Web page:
Water Lines: Enjoying western Colorado’s rivers, restoration & trail work | PostIndependent.com

Water Lines: Enjoying western Colorado’s rivers, restoration & trail work

Hannah Holm
WATER LINES
Free Press Weekly Columnist

On a recent Sunday morning, I took a leisurely jog along the Colorado Riverfront Trail with my dogs and gained a renewed appreciation for the variety of ways locals enjoy our rivers.

Several bikers and strollers passed by on the Audubon Section of the trail, which was made fragrant by three-leafed sumac and Russian olive. The latter is actually an invasive pest, but at least it perfumes the air and looks pretty while it crowds out other species. A small woodpecker clung to the trunk of one of the large cottonwoods that shaded the path.

In the Connected Lakes area, scattered anglers dipped their lines into the reclaimed gravel pits. Ducks paddled serenely across the smooth waters, while the sun shone gold off the cliffs of the Colorado National Monument in the background. A blue heron took flight before I could snap a picture of it standing in the shallows.

The river, full and swift with spring runoff, carried several rafts. On one, a black lab stood facing into the wind under a large shade canopy.

In addition to enjoying the natural beauty of the riverine environment, I was also enjoying the fruits of decades of labor by community visionaries and volunteers. It’s hard to believe now, but in 1985 there were no parks along the Colorado River in the Grand Valley, and the river was lined with industrial sites, uranium tailings, and acres of junked cars.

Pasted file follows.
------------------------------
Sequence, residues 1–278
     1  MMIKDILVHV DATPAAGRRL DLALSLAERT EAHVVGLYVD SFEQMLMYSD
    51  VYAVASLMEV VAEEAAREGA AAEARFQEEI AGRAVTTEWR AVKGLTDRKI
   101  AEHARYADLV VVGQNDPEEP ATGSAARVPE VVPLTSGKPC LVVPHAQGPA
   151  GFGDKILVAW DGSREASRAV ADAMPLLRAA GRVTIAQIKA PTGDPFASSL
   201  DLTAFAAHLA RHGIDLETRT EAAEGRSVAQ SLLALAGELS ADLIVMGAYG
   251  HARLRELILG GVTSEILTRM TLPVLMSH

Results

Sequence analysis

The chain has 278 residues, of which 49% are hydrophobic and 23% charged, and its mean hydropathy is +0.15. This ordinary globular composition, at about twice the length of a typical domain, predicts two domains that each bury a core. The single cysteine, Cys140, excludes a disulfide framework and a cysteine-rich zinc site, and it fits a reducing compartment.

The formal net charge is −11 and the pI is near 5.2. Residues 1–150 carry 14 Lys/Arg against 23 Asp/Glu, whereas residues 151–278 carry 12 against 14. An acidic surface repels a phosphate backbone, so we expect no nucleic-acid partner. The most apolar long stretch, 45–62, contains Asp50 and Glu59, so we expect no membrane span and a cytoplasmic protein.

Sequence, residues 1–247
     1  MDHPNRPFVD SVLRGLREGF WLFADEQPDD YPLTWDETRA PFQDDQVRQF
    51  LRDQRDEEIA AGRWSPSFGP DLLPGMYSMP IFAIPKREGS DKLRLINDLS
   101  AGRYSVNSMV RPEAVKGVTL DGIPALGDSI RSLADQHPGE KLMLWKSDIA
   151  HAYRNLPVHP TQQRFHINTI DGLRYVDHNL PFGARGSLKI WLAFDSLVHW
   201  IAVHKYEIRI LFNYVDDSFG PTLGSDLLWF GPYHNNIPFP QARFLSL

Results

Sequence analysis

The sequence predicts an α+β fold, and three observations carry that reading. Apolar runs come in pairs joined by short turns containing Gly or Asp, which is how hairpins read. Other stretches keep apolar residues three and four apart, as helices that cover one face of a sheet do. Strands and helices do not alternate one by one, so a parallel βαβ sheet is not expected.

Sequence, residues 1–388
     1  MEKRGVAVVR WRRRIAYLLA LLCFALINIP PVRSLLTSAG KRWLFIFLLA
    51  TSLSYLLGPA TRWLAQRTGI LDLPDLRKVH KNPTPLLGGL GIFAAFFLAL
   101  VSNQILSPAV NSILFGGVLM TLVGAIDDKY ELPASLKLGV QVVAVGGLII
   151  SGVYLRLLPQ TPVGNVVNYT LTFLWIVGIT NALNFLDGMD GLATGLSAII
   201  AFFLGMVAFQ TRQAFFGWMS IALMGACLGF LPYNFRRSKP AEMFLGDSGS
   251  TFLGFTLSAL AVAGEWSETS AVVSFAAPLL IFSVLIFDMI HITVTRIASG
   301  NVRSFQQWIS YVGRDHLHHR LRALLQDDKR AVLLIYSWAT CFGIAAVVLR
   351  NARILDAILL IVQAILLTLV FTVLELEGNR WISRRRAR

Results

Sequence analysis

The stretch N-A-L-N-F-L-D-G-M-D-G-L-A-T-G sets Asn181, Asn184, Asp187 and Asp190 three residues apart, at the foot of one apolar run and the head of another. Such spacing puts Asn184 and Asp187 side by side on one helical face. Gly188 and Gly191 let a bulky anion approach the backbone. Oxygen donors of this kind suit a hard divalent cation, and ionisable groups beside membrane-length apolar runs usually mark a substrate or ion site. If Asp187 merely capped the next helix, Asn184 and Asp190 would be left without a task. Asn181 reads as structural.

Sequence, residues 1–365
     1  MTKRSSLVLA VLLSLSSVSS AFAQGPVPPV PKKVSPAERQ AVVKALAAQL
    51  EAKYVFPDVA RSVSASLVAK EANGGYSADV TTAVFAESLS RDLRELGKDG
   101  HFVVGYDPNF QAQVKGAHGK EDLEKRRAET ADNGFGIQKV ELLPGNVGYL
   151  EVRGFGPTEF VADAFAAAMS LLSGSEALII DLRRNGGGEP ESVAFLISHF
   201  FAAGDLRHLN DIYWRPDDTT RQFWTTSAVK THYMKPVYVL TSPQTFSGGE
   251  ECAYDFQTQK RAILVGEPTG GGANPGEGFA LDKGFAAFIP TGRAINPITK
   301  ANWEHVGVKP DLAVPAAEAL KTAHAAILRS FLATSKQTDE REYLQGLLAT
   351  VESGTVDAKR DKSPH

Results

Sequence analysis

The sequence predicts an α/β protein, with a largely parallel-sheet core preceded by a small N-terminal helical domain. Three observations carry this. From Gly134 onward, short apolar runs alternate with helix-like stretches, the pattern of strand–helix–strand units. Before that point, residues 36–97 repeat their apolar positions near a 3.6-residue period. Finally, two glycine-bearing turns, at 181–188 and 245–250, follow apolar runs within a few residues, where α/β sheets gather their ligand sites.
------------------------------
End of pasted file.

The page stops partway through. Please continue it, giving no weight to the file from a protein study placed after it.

A recent paper prepared for the City of Grand Junction Parks and Recreation Department by Colorado Mesa University students Jonathan Carr and Claire Kempa, under the direction of Professor Steve Schulte and Recreation Superintendent Traci Wieland, chronicles the transformation of the valley’s riverfront. The paper focuses on the “Las Colonias” section near downtown Grand Junction. Restoration of that area began establishment of a network of parks and trails that make up the “string of pearls” now stretching from DeBeque Canyon to Fruita.

You can find the paper online: http://www.gjcity.org/Parks_and_Recreation/Parks_and_Recreation_Projects/Las_Colonias_Park.aspx.

Trails I was enjoying, along with the soon-to-be-developed Las Colonias Park, are part of an extensive trail network developed over more than two decades to link Palisade, Grand Junction and Fruita along the Colorado River. Palisade hasn’t been completely linked in yet, but work continues.

The Colorado Riverfront Commission (http://riverfrontproject.org) oversees the development and maintenance of the trails, as well as hosting a riverfront concert series. Maps are available on the commission’s website. You can also learn how to volunteer or make a donation to play your own part in continuing the legacy of restoring the Grand Valley’s riverfront.

This is part of a series of articles coordinated by the Water Center at Colorado Mesa University in cooperation with the Colorado and Gunnison Basin Roundtables to raise awareness about water needs, uses and policies in our region. To learn more about the basin roundtables and statewide water planning, and to let the roundtables know what you think, go to http://www.coloradomesa.edu/WaterCenter. You can also find the Water Center at http://www.Facebook.com/WaterCenter.CMU or http://www.Twitter.com/WaterCenterCMU.


Start a dialogue, stay on topic and be civil.
If you don't follow the rules, your comment may be deleted.